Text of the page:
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Lawyer pushes for Ethiopian couple’s acquittal

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Nat Molomo MASERU — A lawyer representing an Ethiopian couple charged with human trafficking is pushing for acquittal because he says the crown has failed “to make a solid case against them”.
Yoseph Tesfagaber and his wife, Adanech Woldegioregies, are on trial for allegedly trafficking an Ethiopian woman to Lesotho in June 2010. The crown claims the couple recruited, transported and transferred Adanech Agegnehuto. They are alleged to have forced Agegnehuto to work for them.
But their lawyer, Advocate Monaheng Rasekoai, has submitted before Magistrate Molefi Makara that they be acquitted. Rasekoai, who is being assisted by Advocate Motlatsi Rampai, argues that the crown “has failed to make its case against the accused”.
Rasekoai says Agegnehuto stated in clear terms that she came voluntarily to Lesotho under an employment contract.

That contract, says Rasekoai, was secured by her sister who was working as her agent in Ethiopia “together with the agents of both of the accused persons”. The contract stated that Agegnehuto would be paid Ethiopian Birr 1 500 of which Birr 500 was supposed to cater for her travelling costs from Ethiopia. “She accepts that she confirmed that an amount to the tune of Ethiopian Birr 7 000 was paid to her in the first seven months but subsequently she was not paid,” Rasekoai says in his submission for acquittal.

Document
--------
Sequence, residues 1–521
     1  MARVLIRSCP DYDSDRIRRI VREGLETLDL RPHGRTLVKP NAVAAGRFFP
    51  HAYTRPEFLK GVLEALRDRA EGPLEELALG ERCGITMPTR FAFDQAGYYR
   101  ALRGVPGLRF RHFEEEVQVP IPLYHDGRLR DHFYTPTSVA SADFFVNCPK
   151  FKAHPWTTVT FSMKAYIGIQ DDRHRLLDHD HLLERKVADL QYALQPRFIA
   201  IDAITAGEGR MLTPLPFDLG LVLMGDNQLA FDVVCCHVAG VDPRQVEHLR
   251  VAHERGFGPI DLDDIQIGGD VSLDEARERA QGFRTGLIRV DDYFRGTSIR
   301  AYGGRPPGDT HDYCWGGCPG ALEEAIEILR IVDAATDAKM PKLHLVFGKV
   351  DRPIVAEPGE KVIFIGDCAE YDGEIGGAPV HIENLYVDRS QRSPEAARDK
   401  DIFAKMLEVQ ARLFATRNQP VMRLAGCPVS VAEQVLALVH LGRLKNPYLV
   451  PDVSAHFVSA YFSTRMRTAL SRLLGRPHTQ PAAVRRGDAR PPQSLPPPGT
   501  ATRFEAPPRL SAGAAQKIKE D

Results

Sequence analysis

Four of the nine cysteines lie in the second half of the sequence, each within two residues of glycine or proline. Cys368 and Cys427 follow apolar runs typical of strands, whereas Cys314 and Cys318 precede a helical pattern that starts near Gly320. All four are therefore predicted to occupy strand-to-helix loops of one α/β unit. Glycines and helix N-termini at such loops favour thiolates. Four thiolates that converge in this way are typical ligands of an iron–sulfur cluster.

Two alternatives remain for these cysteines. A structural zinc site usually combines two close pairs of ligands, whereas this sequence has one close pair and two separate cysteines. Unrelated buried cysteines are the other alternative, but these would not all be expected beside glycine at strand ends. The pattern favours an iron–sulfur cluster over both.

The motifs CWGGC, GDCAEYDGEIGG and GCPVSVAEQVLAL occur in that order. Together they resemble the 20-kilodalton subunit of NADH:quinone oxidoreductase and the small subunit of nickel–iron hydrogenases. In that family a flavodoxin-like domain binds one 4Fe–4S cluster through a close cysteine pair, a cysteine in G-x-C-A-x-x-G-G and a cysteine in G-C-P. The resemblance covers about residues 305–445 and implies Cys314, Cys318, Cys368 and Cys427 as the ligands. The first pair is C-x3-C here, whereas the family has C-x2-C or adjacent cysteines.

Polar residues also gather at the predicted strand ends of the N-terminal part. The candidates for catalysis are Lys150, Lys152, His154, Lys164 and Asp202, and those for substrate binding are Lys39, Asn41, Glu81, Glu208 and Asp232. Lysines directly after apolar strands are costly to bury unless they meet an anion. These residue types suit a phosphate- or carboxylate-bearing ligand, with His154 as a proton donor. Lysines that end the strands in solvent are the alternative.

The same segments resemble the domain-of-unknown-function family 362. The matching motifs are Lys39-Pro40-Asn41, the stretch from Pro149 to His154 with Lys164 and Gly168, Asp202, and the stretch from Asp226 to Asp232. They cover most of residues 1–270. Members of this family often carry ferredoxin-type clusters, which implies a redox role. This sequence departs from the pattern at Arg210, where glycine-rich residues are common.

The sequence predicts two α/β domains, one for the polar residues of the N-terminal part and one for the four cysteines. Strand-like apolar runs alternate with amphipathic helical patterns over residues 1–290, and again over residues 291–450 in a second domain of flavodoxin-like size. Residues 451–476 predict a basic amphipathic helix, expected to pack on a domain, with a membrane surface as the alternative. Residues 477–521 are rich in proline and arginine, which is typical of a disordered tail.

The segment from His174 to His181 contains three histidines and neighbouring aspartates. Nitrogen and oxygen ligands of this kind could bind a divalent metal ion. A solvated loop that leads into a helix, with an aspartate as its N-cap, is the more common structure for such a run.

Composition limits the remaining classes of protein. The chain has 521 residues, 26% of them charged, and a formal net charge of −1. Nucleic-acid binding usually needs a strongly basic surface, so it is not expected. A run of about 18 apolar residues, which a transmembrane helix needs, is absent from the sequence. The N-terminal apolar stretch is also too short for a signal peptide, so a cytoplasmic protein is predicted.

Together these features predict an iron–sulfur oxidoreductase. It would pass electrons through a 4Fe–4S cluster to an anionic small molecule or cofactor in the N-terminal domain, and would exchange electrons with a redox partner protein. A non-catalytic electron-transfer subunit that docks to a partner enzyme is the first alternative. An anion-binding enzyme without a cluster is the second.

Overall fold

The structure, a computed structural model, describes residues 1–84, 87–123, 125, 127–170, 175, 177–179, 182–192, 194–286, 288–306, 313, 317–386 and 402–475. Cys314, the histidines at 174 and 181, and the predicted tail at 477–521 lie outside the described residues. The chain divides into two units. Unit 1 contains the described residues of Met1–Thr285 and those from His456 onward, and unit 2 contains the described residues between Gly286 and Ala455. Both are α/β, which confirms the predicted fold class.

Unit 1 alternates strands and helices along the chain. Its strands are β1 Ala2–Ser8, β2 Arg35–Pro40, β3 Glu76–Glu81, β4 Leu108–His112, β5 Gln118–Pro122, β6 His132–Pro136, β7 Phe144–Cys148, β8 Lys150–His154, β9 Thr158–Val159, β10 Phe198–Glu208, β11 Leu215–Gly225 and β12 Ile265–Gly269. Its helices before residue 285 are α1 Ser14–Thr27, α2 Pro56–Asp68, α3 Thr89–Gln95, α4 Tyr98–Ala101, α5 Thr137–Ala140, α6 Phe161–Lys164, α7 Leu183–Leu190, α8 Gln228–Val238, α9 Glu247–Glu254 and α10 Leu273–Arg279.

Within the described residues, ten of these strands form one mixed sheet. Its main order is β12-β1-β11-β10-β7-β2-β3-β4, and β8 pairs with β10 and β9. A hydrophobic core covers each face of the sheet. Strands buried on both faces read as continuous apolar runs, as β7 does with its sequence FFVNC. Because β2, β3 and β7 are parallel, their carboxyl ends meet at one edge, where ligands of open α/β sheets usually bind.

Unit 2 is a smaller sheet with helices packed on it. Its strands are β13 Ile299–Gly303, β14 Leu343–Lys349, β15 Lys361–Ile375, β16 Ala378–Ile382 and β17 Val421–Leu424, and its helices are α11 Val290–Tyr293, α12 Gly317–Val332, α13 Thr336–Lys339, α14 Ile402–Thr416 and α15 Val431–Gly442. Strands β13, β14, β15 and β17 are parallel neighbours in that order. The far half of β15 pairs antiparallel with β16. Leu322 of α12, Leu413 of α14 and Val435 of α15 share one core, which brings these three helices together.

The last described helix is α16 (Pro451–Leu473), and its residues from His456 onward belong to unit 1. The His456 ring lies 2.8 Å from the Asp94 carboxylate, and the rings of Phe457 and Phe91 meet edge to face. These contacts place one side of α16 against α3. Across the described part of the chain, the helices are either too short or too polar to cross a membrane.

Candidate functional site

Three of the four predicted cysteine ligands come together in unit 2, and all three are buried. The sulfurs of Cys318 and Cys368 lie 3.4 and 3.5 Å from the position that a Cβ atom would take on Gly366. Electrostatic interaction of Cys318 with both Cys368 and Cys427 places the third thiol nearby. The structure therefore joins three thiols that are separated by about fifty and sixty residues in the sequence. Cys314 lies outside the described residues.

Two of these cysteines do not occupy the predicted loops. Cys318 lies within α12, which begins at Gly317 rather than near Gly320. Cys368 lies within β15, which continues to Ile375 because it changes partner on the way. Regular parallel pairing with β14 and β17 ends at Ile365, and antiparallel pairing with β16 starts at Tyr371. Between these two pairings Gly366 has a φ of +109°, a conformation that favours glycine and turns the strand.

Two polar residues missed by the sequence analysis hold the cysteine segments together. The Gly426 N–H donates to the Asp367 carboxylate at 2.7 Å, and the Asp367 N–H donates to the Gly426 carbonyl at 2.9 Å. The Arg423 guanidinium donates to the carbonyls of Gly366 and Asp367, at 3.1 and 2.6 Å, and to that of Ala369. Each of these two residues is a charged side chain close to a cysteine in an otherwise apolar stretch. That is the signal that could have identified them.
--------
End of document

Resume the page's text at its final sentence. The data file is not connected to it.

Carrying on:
He says Agegnehuto had been properly treated by the couple and there was no evidence that she had been ill-treated in anyway. According to Rasekoai, the couple allowed Agegnehuto to live in the main house “where she had her own bedroom”.
He also points out that there was no evidence of “any harmful acts as contemplated by the law” under which the accused are charged.
“No prima facie case for any element of trafficking and or forced labour and exploitation” has been presented by the crown against the couple. Agegnehuto, he says, “had access to the key of the house and gate, and lived in the house and was paid in accordance with the agreed terms”. The evidence that the couple forced Agegnehuto to work had not been presented to court, he argues.
“If anything there is evidence that she was scolded for not performing her duties”.
He notes that Agegnehuto did not dispute the fact that the couple employed another person “to supplement her incapacity”. During the hearing, crown witness Retšepile Malephane told the court he was employed by the couple as a gardener and guard from October 2010 till December last year.
Malephane said he communicated with the Agenehus by way of sign language as she did not understand English. He said Agegnehuto used to tell him that the Tesfagabers were ill-treating her. The couple once scolded him and Agegnehuto for not doing their work, Malephane said.
Malephane further testified that Agegnehuto had told him that the couple had informed her that they would expel her if they saw her talking to him (Malephane). He said he decided to help Agegnehuto escape after she had told him of the ill-treatment she suffered.
The court postponed the case to November 2, to enable the crown to make heads of argument. Advocate Lechesa Mahao who is appearing for the crown is expected to challenge Rasekoai’s submission.

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